If you haven’t done that, you can stop now because much of what anyone tells you won’t make sense. You’re probably one of those who makes grandiose statements such as, “I am too busy to waste my time reading what someone had for lunch on Twitter.” If you want to continue in business however, you just might want to take those steps (see my previous series in QP entitled “Print without Printing”)
If you have, then how do you take the jump from proficient amateur to actually getting paid? And what price do you charge? It’s really simple.
One, start with a good customer with whom you have a good relationship and who needs to have a better marketing program. Approach them sort of like, “I have this new stuff which has worked for me. I don’t know if it will work for you, but I’m looking for someone who needs what it does, which is where you come in because it appears to me you do. I’m trying to learn more about it, and I thought if you would be interested we could do a joint venture over the next three months.” (It’s extremely important that there be time limit, and shorter is better, but long enough to get results.) “I will be willing to do the work, but I do need you to share some costs. I would say we’d need a budget of $X.” The price needs to be low enough that they can’t refuse, but high enough to at least pay for your direct costs—$500 set up and $200 a month for three months: $1,100 total. It can be lower if you’re uncomfortable or higher. Remember, the point is you need experience and a referral.
A side note: Never do it for free. The customer must have skin in the game to take it seriously so they’ll actually get results and be a good referral. You can’t love their business more than they do.
Next, specify what you do. Assess what the client needs. If you don’t have some good ideas, then you’re not ready to turn pro. Stay an enthusiastic amateur until you have more of your own expertise and ideas to help others.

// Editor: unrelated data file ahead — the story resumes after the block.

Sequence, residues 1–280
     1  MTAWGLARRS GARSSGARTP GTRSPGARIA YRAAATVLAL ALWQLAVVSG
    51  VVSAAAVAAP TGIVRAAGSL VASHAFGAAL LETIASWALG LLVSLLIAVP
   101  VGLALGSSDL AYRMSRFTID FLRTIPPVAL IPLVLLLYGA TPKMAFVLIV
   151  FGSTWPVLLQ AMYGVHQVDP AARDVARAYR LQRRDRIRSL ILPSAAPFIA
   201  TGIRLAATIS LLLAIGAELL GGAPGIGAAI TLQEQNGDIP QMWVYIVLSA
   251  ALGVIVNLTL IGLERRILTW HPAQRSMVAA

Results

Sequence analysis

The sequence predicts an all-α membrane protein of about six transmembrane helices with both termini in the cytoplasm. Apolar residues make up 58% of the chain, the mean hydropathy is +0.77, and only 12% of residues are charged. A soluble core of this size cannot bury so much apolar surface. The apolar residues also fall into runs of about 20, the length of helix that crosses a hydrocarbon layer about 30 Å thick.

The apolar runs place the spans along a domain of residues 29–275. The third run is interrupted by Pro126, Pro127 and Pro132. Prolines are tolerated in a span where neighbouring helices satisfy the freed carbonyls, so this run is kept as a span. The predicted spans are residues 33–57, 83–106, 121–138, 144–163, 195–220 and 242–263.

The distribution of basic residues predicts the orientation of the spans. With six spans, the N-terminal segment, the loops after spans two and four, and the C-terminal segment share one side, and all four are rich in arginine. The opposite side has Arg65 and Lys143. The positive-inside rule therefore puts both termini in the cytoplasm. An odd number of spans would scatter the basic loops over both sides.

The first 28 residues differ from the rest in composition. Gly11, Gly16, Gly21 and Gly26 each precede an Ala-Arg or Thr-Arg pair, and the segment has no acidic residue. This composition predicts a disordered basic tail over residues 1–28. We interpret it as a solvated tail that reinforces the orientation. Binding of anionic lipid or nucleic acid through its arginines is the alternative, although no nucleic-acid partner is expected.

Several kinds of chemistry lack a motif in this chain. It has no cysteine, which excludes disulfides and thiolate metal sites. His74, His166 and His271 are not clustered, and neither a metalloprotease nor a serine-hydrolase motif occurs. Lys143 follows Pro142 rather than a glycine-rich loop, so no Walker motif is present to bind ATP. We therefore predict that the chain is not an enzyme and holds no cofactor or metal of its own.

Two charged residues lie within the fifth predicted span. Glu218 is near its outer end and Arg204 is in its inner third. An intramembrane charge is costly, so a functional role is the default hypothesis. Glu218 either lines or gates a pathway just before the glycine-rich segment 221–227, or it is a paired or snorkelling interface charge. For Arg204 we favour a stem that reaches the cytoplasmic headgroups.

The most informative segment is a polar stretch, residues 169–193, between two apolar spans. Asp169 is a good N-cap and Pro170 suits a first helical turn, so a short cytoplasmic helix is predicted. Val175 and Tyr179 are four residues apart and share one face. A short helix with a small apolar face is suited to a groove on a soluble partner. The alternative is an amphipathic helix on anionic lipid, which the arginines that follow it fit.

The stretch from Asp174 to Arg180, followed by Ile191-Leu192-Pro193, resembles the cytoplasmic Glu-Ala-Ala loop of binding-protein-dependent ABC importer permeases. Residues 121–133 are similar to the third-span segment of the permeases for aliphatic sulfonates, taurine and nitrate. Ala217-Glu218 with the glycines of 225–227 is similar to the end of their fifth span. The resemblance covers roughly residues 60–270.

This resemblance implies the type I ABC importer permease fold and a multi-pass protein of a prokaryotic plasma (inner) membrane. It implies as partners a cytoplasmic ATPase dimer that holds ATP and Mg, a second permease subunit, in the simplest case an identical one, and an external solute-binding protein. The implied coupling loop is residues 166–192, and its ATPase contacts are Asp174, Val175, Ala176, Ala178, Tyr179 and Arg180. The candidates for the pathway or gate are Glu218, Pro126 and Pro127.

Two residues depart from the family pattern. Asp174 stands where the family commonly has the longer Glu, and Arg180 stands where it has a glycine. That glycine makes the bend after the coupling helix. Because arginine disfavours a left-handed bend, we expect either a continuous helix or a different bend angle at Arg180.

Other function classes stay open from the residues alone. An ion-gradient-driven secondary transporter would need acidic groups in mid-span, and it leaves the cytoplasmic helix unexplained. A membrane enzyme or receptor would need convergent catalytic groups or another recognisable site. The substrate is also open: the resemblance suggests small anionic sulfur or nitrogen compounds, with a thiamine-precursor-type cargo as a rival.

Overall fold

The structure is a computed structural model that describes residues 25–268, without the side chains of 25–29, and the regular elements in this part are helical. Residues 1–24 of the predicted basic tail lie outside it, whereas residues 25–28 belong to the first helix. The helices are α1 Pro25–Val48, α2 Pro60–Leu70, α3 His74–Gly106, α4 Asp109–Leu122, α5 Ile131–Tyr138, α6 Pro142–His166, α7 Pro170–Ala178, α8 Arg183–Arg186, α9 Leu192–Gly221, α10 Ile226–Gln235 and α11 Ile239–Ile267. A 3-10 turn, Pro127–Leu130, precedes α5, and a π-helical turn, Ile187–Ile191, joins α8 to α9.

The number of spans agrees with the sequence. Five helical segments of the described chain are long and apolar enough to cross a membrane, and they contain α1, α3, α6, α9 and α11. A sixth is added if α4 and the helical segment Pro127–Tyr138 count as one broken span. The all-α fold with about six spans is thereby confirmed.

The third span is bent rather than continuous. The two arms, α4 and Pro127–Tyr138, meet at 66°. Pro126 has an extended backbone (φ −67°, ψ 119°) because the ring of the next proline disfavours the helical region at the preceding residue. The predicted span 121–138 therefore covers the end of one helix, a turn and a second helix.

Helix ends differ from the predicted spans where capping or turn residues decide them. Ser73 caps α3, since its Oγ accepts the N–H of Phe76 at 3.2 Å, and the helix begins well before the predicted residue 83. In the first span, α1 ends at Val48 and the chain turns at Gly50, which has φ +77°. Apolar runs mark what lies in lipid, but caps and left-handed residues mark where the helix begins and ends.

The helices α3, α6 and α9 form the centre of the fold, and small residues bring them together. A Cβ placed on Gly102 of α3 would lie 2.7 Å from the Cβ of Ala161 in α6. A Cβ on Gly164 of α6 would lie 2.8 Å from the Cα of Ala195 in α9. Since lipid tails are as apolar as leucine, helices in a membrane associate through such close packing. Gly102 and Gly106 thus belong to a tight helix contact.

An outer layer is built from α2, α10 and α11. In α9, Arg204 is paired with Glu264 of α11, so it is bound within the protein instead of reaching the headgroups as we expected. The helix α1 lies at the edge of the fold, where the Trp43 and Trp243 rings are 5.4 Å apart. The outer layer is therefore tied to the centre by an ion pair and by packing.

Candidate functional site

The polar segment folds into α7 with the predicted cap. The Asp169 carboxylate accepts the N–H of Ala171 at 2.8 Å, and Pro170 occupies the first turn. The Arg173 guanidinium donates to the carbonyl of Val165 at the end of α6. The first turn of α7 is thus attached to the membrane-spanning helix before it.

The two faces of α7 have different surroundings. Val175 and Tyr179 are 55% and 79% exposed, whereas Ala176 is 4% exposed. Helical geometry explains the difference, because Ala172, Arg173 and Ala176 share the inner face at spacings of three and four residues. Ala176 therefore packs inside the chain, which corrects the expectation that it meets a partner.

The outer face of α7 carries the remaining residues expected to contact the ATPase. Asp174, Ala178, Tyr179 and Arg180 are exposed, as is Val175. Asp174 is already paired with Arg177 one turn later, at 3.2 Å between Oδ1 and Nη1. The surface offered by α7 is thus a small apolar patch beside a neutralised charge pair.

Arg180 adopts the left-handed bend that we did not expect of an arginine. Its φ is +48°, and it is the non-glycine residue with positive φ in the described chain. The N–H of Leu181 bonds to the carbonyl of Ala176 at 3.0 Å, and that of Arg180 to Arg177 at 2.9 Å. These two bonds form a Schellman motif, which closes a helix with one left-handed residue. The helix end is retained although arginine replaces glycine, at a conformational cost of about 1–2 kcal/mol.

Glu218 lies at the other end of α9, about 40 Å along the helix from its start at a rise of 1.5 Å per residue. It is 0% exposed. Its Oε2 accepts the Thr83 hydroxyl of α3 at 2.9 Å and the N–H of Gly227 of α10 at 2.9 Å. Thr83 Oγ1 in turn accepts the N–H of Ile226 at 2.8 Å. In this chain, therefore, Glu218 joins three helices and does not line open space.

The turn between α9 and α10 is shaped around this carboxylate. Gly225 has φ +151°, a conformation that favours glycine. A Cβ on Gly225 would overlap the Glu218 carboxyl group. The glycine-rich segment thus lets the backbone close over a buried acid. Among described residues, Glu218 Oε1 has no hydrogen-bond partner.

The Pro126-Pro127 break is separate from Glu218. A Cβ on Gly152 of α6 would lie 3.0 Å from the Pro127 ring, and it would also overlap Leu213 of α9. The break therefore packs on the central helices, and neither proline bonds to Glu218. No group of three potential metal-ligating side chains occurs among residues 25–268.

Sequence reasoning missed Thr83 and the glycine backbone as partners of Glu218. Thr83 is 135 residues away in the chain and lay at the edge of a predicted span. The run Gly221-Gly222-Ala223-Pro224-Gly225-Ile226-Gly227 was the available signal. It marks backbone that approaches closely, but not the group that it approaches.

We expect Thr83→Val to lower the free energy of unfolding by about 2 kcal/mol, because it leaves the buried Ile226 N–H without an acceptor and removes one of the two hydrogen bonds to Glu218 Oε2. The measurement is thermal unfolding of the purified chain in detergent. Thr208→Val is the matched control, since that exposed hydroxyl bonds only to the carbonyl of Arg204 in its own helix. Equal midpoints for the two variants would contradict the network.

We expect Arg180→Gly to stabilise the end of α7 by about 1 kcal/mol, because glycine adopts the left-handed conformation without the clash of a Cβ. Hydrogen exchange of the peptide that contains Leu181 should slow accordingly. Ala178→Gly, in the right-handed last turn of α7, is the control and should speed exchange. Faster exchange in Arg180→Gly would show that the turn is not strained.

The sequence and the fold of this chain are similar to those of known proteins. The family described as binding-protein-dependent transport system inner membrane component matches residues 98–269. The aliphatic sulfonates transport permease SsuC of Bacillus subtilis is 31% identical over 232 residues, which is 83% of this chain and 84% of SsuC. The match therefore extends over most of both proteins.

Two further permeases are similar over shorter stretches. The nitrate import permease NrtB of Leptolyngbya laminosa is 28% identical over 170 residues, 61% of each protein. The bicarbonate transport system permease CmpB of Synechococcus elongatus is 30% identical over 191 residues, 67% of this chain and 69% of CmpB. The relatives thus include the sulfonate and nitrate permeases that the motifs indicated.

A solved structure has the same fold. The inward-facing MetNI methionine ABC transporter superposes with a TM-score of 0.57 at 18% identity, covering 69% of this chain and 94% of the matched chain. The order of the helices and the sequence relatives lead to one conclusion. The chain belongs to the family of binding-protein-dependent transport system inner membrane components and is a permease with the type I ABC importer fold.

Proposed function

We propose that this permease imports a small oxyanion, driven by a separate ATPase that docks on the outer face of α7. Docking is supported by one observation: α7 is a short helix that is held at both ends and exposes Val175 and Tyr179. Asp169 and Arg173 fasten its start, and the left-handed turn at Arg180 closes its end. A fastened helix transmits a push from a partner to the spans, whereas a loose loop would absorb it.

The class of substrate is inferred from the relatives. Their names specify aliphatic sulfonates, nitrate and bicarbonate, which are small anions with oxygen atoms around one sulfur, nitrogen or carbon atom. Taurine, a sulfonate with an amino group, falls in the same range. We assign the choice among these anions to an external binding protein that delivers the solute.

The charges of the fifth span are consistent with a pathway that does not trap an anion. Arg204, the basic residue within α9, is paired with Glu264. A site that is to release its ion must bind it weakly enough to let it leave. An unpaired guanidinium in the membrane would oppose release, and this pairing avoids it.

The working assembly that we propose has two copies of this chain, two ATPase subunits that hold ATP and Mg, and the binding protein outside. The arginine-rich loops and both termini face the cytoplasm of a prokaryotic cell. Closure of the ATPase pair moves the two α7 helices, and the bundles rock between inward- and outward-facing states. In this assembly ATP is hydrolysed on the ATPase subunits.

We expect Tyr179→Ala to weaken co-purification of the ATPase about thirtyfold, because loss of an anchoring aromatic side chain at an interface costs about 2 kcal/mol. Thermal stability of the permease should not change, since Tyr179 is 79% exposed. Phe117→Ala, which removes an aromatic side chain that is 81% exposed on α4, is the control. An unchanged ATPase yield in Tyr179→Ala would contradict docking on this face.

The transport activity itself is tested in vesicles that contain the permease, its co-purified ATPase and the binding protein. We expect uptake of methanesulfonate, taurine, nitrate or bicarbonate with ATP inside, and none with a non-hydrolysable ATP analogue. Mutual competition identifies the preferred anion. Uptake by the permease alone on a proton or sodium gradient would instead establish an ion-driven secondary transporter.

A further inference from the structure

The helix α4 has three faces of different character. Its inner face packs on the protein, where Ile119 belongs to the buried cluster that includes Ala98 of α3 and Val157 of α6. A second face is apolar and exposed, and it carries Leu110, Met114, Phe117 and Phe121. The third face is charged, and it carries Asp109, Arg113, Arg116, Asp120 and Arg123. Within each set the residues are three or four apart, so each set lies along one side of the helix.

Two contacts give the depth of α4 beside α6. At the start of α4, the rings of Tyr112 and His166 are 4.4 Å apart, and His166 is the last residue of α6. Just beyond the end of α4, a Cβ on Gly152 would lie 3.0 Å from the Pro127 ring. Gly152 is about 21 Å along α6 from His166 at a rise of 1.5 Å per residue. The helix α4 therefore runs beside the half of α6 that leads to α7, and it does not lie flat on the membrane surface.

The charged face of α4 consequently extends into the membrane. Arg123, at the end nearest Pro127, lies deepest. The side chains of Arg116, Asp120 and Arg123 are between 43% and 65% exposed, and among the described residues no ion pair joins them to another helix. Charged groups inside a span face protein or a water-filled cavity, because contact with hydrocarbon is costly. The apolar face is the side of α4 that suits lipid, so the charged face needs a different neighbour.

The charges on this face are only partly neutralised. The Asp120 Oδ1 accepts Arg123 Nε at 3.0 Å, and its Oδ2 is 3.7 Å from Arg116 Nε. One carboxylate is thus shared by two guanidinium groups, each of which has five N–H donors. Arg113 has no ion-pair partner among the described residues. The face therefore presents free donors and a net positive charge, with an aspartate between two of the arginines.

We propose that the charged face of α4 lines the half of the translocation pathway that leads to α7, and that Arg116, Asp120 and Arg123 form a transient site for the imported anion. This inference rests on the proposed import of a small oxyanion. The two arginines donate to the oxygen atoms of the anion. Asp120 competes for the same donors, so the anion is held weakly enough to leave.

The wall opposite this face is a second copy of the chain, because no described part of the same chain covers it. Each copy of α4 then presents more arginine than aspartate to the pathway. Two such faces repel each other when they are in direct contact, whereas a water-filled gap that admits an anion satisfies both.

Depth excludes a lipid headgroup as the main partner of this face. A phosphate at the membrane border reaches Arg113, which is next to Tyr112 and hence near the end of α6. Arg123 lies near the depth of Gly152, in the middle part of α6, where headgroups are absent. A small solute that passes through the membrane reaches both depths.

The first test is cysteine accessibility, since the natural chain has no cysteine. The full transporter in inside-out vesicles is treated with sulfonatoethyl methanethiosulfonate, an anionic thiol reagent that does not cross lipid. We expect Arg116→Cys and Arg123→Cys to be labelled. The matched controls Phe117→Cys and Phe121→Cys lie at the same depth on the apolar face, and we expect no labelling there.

Let’s just say this customer needs a more robust website with an autoresponder, a monthly email newsletter broadcast, a website main product feature updated every two weeks, one or two RSS feeds supplying the site to keep fresh content popping up, some sort of weekday tweet once a day, which also hits their Facebook Business Page (and a plan to gain followers), and a printed monthly newsletter, along with mail list management.
Okay, you can price the printing and probably the mail list management. But what about pricing the rest of the stuff? You can’t price it, for you have never done it. That’s specifically why this is a short term deal. Our original offer was $500 and $200 a month for three months. At the end of three months you may continue or change the price, but increasing it greatly will be hard to do with this customer.
That’s why you start another customer in the same program, but you increase your price. As you gain there, you do a third one and increase your price again. The main point is you lock in each price for a short while with a few customers, and raise them each time as you gain experience and pricing backbone. And note, at some point you will want to continue doing business with number one, but you won’t be able to afford to do so at that pricing, so you either drop them or raise their price to your current price level.
After a short period, you will be able to more intelligently price your service, for you will find what customers are willing to pay for whatever you offer. From the customer’s view, they will substitute paying you for paying the radio station or newspaper. It’s all about getting a piece of the advertising budget.
Oh yes, a couple of cautions. First, select customers that actually have advertising budgets. Don’t try to teach business owners who don’t advertise to do so. It’s far more productive to compete for a piece of existing funds.
And second, please don’t allow your graphics person to be the only person to learn how to do all of this on your dime. You have to be personally involved and know why an email broadcast looks different in different browsers. That’s a dumb owner trick because you will either end up being held hostage or your graphics person will leave and start their own thing after they are trained.